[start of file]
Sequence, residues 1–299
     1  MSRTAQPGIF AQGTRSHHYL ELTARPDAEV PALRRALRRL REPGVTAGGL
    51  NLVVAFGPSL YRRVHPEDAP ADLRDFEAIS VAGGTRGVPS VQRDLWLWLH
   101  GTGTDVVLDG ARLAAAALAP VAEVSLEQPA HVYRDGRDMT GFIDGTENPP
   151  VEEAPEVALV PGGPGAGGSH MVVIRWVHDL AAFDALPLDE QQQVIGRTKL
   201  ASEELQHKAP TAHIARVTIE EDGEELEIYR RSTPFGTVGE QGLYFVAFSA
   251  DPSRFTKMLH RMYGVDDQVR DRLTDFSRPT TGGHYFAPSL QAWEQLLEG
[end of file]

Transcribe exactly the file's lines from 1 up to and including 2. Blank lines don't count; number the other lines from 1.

Sequence, residues 1–299
     1  MSRTAQPGIF AQGTRSHHYL ELTARPDAEV PALRRALRRL REPGVTAGGL